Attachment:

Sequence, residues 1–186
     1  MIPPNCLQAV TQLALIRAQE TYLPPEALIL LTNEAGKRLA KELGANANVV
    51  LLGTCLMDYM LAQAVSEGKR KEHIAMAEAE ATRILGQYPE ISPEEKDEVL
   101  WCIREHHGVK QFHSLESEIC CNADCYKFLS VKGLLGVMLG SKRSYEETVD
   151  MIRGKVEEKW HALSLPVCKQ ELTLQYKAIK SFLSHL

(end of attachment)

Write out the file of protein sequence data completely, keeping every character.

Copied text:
Sequence, residues 1–186
     1  MIPPNCLQAV TQLALIRAQE TYLPPEALIL LTNEAGKRLA KELGANANVV
    51  LLGTCLMDYM LAQAVSEGKR KEHIAMAEAE ATRILGQYPE ISPEEKDEVL
   101  WCIREHHGVK QFHSLESEIC CNADCYKFLS VKGLLGVMLG SKRSYEETVD
   151  MIRGKVEEKW HALSLPVCKQ ELTLQYKAIK SFLSHL